“The Black Athlete” page 15, SI 7/1/1968

Black Athlete 15.jpg

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“The Black Athlete” page 15, SI 7/1/1968


cover story, black athlete, Jim Brown, Willie Mays, Bill Russel


This page opens Part 1 of Jack Olsen’s five-part series on the ‘black athlete’, and it is titled “The Cruel Deception.” Olsen begins the piece by addressing the persistent story of racial opportunity in sports, citing the oft-used phrase “look what sports has done for the Negro.” Olsen approaches this ‘litany’ as a two-sided coin. He lists all the examples of black athletic success stories, men pulled from the ghetto to fame, fortune, and prestige. Willie Mays, Jim Brown, and Bill Russell are presented as complicated figures, exalted figures who entertain and awe, but who also frustrate and annoy with their “anti-white” remarks. Olsen then presents the flip side of the coin: black athletes who were recruited for their skill, who feel that they “gave” as much to their sport as it gave to them. Jim Parker, a retired lineman, is quoted as saying “football did no better for me than what I put into it.” Olsen offers the reverse of the white sports-fan litany: resistance or activism on the part of black athletes that white sports fans read as a lack of gratitude, is actually an acknowledgment that black athletes forged success from their own skill and hard work, and sports should be grateful to them.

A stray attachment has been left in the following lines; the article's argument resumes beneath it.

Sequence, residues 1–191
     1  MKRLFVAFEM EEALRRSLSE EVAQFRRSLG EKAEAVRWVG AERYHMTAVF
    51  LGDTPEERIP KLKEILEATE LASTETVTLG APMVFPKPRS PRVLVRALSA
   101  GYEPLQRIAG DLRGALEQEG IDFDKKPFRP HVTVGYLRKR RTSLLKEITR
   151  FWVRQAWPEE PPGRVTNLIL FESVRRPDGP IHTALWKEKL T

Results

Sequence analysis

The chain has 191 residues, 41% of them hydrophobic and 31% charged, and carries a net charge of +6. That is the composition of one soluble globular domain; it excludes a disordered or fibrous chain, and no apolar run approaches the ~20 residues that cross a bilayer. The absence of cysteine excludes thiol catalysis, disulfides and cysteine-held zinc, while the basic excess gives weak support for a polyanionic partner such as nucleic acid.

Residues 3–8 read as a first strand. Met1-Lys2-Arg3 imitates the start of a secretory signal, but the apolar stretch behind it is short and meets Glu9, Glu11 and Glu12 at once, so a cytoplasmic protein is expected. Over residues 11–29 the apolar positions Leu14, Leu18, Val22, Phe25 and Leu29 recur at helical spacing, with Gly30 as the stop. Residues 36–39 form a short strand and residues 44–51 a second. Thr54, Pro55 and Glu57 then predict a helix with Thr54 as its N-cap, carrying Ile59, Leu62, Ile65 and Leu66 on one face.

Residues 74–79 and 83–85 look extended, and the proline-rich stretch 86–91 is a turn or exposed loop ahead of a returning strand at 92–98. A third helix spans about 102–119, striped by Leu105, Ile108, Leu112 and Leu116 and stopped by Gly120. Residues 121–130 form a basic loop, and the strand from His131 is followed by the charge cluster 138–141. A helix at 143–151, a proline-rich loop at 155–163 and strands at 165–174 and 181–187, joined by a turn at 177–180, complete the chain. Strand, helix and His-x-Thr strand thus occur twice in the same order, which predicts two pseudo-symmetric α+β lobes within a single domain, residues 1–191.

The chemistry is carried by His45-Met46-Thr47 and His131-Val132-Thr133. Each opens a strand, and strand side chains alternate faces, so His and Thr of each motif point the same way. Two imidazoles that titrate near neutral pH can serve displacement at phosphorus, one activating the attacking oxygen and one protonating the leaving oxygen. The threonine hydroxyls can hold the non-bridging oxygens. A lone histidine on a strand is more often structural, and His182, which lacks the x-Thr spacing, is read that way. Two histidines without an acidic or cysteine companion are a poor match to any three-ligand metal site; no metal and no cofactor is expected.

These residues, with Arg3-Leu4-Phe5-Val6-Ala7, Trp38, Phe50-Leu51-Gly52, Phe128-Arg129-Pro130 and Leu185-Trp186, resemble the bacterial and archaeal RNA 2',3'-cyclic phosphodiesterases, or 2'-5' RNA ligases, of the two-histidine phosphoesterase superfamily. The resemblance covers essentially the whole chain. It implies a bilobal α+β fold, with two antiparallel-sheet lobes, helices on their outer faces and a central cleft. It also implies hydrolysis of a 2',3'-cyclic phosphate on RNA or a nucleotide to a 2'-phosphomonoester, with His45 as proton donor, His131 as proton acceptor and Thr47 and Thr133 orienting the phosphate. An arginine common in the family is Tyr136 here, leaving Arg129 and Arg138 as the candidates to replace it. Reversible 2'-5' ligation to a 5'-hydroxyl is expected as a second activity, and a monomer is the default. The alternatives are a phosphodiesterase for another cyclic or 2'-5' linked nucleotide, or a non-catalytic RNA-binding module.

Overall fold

Katherine Brown


Sports Illustrated. July 1, 1968.


Time Inc.


Katherine Brown, ““The Black Athlete” page 15, SI 7/1/1968
,” Magazines, accessed August 7, 2022, https://omeka.middlebury.edu/magazines/items/show/20.

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